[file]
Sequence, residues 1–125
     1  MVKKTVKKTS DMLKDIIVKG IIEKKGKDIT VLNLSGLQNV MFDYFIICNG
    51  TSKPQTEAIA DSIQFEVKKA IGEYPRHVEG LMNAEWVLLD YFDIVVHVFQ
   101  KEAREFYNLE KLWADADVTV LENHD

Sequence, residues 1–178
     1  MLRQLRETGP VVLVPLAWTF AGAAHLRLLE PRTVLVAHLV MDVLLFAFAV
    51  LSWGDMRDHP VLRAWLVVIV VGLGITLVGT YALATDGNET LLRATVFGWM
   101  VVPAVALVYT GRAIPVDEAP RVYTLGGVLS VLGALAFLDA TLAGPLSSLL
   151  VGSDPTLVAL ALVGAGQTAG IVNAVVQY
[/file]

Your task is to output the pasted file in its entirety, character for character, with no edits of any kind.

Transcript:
Sequence, residues 1–125
     1  MVKKTVKKTS DMLKDIIVKG IIEKKGKDIT VLNLSGLQNV MFDYFIICNG
    51  TSKPQTEAIA DSIQFEVKKA IGEYPRHVEG LMNAEWVLLD YFDIVVHVFQ
   101  KEAREFYNLE KLWADADVTV LENHD

Sequence, residues 1–178
     1  MLRQLRETGP VVLVPLAWTF AGAAHLRLLE PRTVLVAHLV MDVLLFAFAV
    51  LSWGDMRDHP VLRAWLVVIV VGLGITLVGT YALATDGNET LLRATVFGWM
   101  VVPAVALVYT GRAIPVDEAP RVYTLGGVLS VLGALAFLDA TLAGPLSSLL
   151  VGSDPTLVAL ALVGAGQTAG IVNAVVQY